Initial Public Offering
An Initial Public Offering (IPO) is a type of public offering where shares of a company are sold to the general public, on a stock exchange, for the first time. Through this process, a private company transforms into a public company.
Raising capital through an IPO
IPOs are used by companies to raise new (expansion) capital - in this case new shares are issued - or as an exit for owners or early private investors, who sell their shares to the public.
Consequently, in the first case a company actually raises money, in the second case no money flows to the company as a result of the IPO process, it flows to the former owners.
In so-called secondary offerings, a company that is already listed can either issue new shares or sell additional shares of existing owners. An advantage of being a publicly traded enterprise is that acquisitions may be paid in shares. The increased name recognition that comes with a listing and becoming more attractive for employees are also mentioned as advantages.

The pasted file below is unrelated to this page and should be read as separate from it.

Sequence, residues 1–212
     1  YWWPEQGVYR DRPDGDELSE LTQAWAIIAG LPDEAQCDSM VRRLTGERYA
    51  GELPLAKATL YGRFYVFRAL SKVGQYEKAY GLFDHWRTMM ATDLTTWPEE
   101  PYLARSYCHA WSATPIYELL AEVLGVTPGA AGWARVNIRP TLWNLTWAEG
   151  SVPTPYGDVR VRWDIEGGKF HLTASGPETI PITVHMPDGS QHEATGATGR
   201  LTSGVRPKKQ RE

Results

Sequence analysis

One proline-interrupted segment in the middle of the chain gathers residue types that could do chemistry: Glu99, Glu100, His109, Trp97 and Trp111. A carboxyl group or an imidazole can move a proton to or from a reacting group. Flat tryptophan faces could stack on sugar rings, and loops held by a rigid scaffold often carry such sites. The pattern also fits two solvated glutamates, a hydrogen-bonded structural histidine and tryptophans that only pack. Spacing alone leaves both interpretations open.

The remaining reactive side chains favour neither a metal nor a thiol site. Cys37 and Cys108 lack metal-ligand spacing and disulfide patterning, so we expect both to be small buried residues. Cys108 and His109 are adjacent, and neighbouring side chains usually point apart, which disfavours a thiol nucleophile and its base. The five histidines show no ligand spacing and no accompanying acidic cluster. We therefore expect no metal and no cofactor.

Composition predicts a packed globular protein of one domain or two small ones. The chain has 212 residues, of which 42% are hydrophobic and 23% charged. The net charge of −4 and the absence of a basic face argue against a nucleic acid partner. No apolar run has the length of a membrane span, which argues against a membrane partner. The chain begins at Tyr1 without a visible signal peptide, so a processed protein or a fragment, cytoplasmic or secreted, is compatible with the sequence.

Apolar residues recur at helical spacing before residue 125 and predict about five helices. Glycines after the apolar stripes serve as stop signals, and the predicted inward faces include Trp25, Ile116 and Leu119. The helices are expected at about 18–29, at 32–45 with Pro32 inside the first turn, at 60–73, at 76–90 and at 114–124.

Organising the IPO
Most companies undertaking an IPO do so with the assistance of external lawyers and an investment banking firm. Preparation includes an underwriting process by a syndicate made up of a group of investment banks.
The bank will help value the shares (share price), prepare a prospectus containing detailed information about the proposed offering and establishing a public market for the shares (initial sale). Although an IPO offers many advantages, at the same time, a listing carries a number of costs including the obligation to produce and disclose financial statements, adopt corporate governance codes and pay dividends.
Finally, there is a possibility of a change-of-control.